The true locals I met were all wonderful people, but sadly there seems to be so much tourism focused on extorting every last dollar it sometimes soured the experience. Shuttle bus rides that would randomly stop in the middle of no where to sell you a tour or some overpriced food,  boat piers hours from any public transport so you need to pay for the overpriced taxis, and half the guesthouses focused more on selling high priced tours than helping customers or heaven forbid helping you do something on your own. Just a few sour experiences in an otherwise wonderful country I guess.  Of course this is just my personal experience for my first time being in SE Asia and just traveling where I did. Maybe I didn’t get far enough off the beaten path or was looking in all the wrong places,  but that’s how it went. 

I will probably return to Thailand at some point with a new agenda and a new point of view. But only two days into Cambodia the people have been nothing but wonderful and the culture so warm and welcoming. I think I’m going to like it here. As always I’ll leave you with some photos from my travels around Thailand,  the next blog will be a photo heavy writeup on my tour of the Angkor temples and Siem Reap.

Monkeys of Khao Sok.

Boat tour on Cheow Lan Lake.

Tramping through the jungle, kind of on trail, or just in the river.

The cave was flooded so we went and bathed in a waterfall instead.

A quiet night lake side on Cheow Lan Lake.

Early morning kayak all by my lonesome on the lake.

Descending into coral cave.

Wandering the Chiang Mai night market

Took the long way via trail up to Doi suthep

Temple stairs hidden deep in the forest.

The lovely and ornate white temple

Giraffes and zebras! OK so it was the Singha Park zoo in Chiang Rai, but it was still cool.

Wandering the tea fields of Singha Park on my lay day in Thailand.

Finding One’s Way

Before my travels when someone asked what I was hoping to get out of this adventure I honestly didn’t have an answer. Maybe some adventure,  maybe some culture,  maybe some perspective?  Only a week into wandering SE Asia and I’m already starting to gain some insight on what this trip might mean,  though it’s constantly evolving.

This trip isn’t really about adventure,  though plenty will be had,  nor culture, though plenty will be experienced,  it’s about perspective.  Opening one’s  (my) eyes a little wider to that great big world around us,  not just to where I am at a given moment,  but to the people who occupy that space (locals and fellow travelers). Everyone had a story and lessons to share,  now I just need to get this introvert out of his shell to soak in as much as possible. Whether we like to admit it or not,  our personal bibles extend beyond our immediate surroundings and what we do and how we act effects those sometimes very far away. So for now,  here’s me going forward,  with my eyes and ears open to all the people and places that might come my way. Oh,  and a few pretty pictures to wrap things up.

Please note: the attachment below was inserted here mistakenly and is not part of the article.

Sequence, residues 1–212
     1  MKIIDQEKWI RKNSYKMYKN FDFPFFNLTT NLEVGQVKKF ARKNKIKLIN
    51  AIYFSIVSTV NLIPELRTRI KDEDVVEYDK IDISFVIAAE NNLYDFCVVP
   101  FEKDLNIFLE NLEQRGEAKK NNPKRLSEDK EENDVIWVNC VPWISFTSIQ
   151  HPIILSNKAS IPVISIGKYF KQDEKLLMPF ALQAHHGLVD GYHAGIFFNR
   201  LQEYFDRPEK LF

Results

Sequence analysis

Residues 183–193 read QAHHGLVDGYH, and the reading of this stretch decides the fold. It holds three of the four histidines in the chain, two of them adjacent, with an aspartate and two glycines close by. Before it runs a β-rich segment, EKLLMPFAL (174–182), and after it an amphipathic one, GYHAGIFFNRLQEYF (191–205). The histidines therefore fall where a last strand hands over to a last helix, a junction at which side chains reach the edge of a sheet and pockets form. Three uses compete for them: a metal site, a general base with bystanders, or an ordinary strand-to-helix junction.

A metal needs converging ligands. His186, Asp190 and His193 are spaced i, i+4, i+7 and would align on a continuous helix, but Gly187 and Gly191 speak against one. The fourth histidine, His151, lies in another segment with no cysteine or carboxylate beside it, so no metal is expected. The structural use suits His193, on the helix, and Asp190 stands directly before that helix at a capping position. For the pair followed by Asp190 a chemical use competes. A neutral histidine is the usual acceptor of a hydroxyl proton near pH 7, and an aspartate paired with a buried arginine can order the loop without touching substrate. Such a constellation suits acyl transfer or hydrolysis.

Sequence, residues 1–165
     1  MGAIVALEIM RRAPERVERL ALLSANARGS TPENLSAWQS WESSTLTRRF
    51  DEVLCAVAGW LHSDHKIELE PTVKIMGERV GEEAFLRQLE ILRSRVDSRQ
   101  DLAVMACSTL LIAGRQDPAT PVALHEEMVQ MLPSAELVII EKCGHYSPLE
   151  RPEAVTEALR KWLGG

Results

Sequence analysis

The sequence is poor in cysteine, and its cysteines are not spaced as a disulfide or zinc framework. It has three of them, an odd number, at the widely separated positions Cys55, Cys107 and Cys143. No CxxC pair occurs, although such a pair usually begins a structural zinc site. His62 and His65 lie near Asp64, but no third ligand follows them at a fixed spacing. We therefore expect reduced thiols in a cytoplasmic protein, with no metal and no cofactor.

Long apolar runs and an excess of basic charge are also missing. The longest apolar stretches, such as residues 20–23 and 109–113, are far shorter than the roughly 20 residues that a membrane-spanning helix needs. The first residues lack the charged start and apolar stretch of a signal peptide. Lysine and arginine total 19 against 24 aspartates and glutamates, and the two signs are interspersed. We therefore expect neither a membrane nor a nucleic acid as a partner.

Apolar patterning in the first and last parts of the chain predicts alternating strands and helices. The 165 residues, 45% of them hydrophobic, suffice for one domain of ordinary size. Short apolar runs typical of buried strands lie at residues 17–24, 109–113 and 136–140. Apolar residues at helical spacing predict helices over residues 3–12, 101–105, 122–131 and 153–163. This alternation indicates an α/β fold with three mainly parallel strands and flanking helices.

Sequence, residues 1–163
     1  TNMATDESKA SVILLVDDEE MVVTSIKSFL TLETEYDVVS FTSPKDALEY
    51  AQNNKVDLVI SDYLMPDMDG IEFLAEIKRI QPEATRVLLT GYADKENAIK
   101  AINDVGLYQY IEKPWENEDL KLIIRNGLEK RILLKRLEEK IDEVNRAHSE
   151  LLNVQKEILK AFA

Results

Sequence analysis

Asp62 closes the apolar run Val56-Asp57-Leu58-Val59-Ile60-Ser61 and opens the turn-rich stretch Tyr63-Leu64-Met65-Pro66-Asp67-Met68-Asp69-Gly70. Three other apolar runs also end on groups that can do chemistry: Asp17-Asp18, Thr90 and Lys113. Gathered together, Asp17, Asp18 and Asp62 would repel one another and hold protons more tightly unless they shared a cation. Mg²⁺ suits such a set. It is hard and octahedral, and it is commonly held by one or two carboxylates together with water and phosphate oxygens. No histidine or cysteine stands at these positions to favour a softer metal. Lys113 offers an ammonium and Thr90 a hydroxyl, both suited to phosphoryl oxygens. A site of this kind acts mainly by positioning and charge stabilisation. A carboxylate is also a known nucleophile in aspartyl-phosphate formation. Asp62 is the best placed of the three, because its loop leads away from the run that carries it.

Democracy Square Taipei, Taiwan.

Temples Wat Pho in Bangkok, Thailand.

Temples of Ayutthaya, Thailand.

Lamai beach Koh Samui, Thailand.

Ang Thong National Marine Park, Koh Samui, Thailand.

Bua boke cave in Ang Thong National Park, Thailand.

Monkey! Just chilling on a remote island in the Gulf of Thailand.

Stay tuned for more.  Next up;  Khao Sok National Park, Chiang Mai and Cambodia. 

Good bye for now

On my last morning in Boulder I initially thought I should go run up Bear or scramble the fifth. But when I awoke Tuesday morning before sunrise neither of those seemed appropriate. So I went for a walk, not a run,  but casual stroll. The sunrise shown pink and purple on the morning clouds,  crickets chirped, birds sang, the wind rustled the grass and the last remnants of bear creek gurgle toward town. All too often in our daily lives we rush from one place to the next and forget to sit down and take in everything a moment has to offer. This was exactly what I needed, a relaxing reset and a moment to appreciate the town and trails I love.

I’d  be lying if I said I wasn’t going to miss Colorado a lot (especially my poor kitty), but there is so much world out there I’ve yet to experience and explore. Today,  9/20, starts a 5-6 month journey,  and while I have a thought on where it might go,  nothing is certain.  I’ll be in LA for the next 6 days,  after that email is the best way to reach me,  though my phone will work. I will try and update this blog with some regularity and will periodically ping my SPOT locator, to let people know I’m alive. And of course for those of you who know me I’ll be taking tons of photos and your can follow my photographic journey on instagram under the handle mtnrunner_Elee. So this is good bye for now,  but not forever. 

Ultrarunning the National Parks

As a boy I was fortunate enough to have a family that enjoyed camping and hiking, so we spent countless weekends wandering the Sierra Nevada Mountains of California. It was during that time that I gained a love for the outdoors, but it wasn’t until I rediscovered the mountains in my 20s that I gained a true appreciation for mountains that our predecessors had the foresight to set aside as protected land. And so began my love of the National Parks, a subset of protected lands meant to ensure some of the best natural wonders in our country are preserved for future generations.